Victor Fleming directed this Oscar-winning tale of a spoiled brat who learns about life from a bunch of Portugese fishermen. (All right, no jokes!) It’s got the winsome Freddie Bartholomew, Spencer Tracey, Lionel Barrymore, John Carradine, Charley Grapewin, John Carradine, Mickey Rooney . . . wow. Yes, I cried at the end.


I don't know what's up at the Mayan, but they are not publicizing these special showings enough. On the venue's big screen, downstairs, F.W. Murnau's 1927 silent masterpiece "Sunrise: A Song of Two Humans" will be seen at 7:30 p.m.!

The word "masterpiece" is overused, but this is truly one of the 10 best movies ever made. GO!!!!


Once again, the Mayan scores with two days of Hitchcock's great 1959 "North by Northwest" -- Tuesday and Wednesday at 7 and 9:30 p.m., on the big screen in glorious VistaVision and Technicolor!

Hitchcock's best film? Many think so . . . see you there.

The Fresh City Life series at the DenverPublic Library presents, as part of it summer-long “Presence of the Camera: Documentary Film Series,” Les Blank’s brilliant 1982 “Burden of Dreams” at 6 p.m.

Who’s crazier – Werner Herzog or Klaus Kinski?

At Starz, as part of the “Direct from Tribeca” series, it’s Julien Nitzberg’s 2009 documentary, “The Wild and Wonderful Whites of West Virginia” at 7 p.m.

Gee, y’all, I don’t know. I grew up with this kind of crap, so it gets old fast. Filming miscreants and sociopaths and their train-wreck lives as a form of entertainment/cultural anthropology lesson is fun for some. It may be wild, but wonderful?

The now-vaunted Film on the Rocks series kicks off its 11th season with “The Hangover” at 7 p.m. (gates open at 6 p.m.) For those who haven’t gone, Red Rocks Amphitheatre outside of Morrison, close against the foothills, is an inspiring location, and a great venue for music, film and the like.

 The marriage of a live concert introduction to a feature film, with sometimes a thematic connection between the two, is a lot of fun. This week, Kinetix, with The Pirate Signal, starts things off musically. The movie unspools at dusk.


At the Boulder Public Library, it’s a FREE showing of what looks to be the very good 2009 documentary by Mai Iskander – “Garbage Dreams” at 7 p.m. It’s about Cairo’s zaballeen – those who scour and scavenge the city’s trash, and who face the government’s interference with even that lowly way of life.

At the Thin Man Tavern, the Wim Wenders festival concludes with what looks to be an overlooked little gem – 2005’s “Don’t Come Knocking” at 8 p.m.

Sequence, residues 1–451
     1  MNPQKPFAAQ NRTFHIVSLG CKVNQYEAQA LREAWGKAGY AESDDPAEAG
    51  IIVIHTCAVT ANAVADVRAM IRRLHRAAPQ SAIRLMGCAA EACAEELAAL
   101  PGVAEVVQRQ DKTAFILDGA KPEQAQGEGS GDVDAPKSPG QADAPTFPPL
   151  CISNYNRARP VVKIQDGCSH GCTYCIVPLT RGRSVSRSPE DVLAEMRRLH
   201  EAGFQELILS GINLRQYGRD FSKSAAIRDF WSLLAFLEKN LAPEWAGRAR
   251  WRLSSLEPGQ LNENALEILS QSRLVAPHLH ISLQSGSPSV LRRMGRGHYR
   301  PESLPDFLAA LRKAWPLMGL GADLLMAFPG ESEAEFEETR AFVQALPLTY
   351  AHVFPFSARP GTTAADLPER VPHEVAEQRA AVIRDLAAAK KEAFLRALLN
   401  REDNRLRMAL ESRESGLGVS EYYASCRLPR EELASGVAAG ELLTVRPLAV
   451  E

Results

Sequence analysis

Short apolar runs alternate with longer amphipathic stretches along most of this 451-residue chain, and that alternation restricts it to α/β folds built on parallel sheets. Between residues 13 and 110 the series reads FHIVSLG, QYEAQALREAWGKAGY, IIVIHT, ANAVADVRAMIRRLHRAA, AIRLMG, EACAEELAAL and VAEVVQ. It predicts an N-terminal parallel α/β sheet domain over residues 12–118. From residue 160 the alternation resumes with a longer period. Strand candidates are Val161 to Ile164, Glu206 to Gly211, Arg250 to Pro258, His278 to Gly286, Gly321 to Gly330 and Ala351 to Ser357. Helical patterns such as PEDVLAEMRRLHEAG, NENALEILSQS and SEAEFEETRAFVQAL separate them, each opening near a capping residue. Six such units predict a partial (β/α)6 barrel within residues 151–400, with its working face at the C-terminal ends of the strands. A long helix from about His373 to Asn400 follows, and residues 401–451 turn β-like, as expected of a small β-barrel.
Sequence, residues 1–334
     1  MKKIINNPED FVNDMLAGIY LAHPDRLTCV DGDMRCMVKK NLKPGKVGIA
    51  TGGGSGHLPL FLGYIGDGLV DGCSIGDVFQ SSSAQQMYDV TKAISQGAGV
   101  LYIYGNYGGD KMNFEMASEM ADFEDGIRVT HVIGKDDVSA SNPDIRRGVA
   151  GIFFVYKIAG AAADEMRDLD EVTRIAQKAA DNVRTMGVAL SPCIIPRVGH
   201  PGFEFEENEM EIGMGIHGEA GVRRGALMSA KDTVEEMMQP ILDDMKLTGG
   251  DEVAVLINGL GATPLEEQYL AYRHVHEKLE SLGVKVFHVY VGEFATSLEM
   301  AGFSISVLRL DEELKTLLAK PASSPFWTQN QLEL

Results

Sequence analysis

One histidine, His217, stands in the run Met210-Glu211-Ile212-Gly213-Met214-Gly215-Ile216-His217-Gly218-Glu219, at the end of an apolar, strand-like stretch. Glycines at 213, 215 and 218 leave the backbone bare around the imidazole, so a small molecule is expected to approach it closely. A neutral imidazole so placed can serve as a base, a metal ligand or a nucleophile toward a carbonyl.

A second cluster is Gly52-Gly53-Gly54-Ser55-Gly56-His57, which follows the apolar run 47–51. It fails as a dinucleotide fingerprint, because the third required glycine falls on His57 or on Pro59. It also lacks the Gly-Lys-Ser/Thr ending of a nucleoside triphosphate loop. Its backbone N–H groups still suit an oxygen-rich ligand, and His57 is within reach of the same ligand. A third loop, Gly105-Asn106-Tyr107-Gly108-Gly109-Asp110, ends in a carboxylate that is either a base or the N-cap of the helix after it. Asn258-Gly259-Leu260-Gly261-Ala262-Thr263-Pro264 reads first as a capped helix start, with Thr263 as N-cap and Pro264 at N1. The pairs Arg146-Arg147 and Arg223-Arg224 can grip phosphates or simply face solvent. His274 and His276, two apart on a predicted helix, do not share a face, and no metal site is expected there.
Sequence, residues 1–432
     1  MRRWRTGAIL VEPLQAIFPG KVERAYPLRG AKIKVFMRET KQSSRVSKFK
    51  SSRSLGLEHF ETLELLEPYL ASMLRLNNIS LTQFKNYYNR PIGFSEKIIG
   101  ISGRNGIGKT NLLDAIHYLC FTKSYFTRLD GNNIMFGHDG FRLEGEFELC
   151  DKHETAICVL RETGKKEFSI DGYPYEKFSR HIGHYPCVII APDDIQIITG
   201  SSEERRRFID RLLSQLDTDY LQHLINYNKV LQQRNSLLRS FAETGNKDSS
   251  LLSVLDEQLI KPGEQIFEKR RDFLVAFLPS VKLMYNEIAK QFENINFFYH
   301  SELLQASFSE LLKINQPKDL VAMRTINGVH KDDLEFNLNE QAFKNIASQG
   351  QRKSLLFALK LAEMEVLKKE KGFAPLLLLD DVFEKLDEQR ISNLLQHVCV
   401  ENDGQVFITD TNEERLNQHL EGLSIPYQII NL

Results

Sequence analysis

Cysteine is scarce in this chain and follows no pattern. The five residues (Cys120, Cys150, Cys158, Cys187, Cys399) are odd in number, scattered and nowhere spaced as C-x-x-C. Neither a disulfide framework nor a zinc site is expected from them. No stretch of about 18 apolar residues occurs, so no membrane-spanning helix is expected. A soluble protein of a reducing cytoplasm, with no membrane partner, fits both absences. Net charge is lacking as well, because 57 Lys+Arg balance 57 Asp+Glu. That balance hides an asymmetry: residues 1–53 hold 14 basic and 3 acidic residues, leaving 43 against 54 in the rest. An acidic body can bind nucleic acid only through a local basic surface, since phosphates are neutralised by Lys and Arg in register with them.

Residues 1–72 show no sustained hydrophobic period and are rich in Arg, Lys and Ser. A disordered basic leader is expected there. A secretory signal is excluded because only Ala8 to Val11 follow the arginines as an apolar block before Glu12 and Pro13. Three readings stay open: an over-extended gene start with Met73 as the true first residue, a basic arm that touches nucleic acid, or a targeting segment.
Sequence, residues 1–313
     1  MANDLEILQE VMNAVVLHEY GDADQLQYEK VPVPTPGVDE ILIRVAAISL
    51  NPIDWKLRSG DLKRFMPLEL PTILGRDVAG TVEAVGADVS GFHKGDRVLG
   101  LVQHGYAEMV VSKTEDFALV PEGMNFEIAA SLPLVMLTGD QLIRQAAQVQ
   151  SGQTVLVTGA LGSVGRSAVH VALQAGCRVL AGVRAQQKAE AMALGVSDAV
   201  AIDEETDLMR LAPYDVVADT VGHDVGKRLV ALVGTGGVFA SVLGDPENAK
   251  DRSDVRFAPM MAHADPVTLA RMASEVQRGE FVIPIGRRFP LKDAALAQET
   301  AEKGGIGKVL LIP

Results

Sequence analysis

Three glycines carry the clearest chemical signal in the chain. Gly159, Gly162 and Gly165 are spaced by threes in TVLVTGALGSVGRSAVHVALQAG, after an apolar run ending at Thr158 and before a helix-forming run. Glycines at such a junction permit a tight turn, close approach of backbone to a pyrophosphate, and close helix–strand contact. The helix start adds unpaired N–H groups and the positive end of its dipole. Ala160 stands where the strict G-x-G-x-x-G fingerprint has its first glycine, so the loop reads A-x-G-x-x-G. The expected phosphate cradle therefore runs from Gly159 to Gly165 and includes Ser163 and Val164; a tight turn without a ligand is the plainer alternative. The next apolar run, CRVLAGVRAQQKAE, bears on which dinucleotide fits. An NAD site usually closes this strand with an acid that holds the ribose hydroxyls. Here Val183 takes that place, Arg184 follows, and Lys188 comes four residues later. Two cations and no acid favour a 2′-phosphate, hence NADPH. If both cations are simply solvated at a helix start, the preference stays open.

What a great ensemble! Sam Shepard, Jessica Lange, Eva Marie Saint, Sarah Polley, Tim Roth – Fairuza Balk? Eva Marie Saint? George Kennedy? Julia Sweeney? Tim Matheson? Wenders’ quirky filmography has only begun to be really appreciated. See you there!


Outdoor movies are all the rage. The Denver Botanic Gardens chimes in with a series way down southwest at its Chatfield location (near C-470 and Wadsworth Blvd.) with Wes Anderson’s stop-motion animated feature from 2009, “Fantastic Mr. Fox.” Gates open at 7 p.m., film starts at dusk.

The Boulder Public Library presents Zeffirelli’s 1967 Burton/Taylor version of Shakespeare’s “The Taming of the Shrew” at 7 p.m.

To be honest, there are better filmed versions – try Kirk Browning’s 1976 work for the American Conservatory Theatre, or Jonathan Miller’s 1980 outing for the BBC. Or “Kiss Me Kate.” Burton especially goes WAY OVER THE TOP in this one, even though it is one of the Bard’s most ribald comedies.

At Starz, for “One Night Only,” it’s “Joan Rivers – A Piece of Work” at 7 p.m.

For a special treat, go to the Denver Center for the Performing Arts at 7 p.m. Go around the back, to the left, down the stairs toward Speer Boulevard. See the Ricketson sign? It’s now a small proscenium theater, but it was designed as a cinema.

For years, some incredible projections of some incredible films took place there. I saw the very first program there – an impeccable, glowing print of “Grand Hotel,” which changed my appreciation for black-and-white movies FOREVER. At 7 p.m., it’s that hilarious paean to old-school horror, Mel Brooks’ 1974 “Young Frankenstein.” Great cinematography by Gerald Hirschfeld.


At Denver’s Esquire, the midnight movie is the immortal catastrophe from 1980, “Xanadu”:

“Open your eyes and hear the magic!” OK.

At Starz, it’s the Watching Hour at 10 p.m. – “Nightmare on Elm Street III: Dream Warriors.” Don’t know about the movie, but the trailer is GREAT!

Last but not least, Century Boulder features the 1977 apex of Woody Allen’s career, “Annie Hall”: